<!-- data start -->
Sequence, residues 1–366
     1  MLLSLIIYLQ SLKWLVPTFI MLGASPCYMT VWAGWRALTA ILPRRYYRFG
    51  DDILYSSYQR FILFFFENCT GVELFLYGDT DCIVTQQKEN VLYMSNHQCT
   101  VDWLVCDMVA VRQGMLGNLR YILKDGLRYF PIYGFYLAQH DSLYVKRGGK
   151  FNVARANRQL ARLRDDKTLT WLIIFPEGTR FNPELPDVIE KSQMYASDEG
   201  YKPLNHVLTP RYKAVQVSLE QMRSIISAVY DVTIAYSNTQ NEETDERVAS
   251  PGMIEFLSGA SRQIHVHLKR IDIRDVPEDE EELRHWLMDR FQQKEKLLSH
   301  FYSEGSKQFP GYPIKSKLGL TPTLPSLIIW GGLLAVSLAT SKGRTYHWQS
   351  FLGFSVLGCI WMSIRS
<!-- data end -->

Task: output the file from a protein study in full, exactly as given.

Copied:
Sequence, residues 1–366
     1  MLLSLIIYLQ SLKWLVPTFI MLGASPCYMT VWAGWRALTA ILPRRYYRFG
    51  DDILYSSYQR FILFFFENCT GVELFLYGDT DCIVTQQKEN VLYMSNHQCT
   101  VDWLVCDMVA VRQGMLGNLR YILKDGLRYF PIYGFYLAQH DSLYVKRGGK
   151  FNVARANRQL ARLRDDKTLT WLIIFPEGTR FNPELPDVIE KSQMYASDEG
   201  YKPLNHVLTP RYKAVQVSLE QMRSIISAVY DVTIAYSNTQ NEETDERVAS
   251  PGMIEFLSGA SRQIHVHLKR IDIRDVPEDE EELRHWLMDR FQQKEKLLSH
   301  FYSEGSKQFP GYPIKSKLGL TPTLPSLIIW GGLLAVSLAT SKGRTYHWQS
   351  FLGFSVLGCI WMSIRS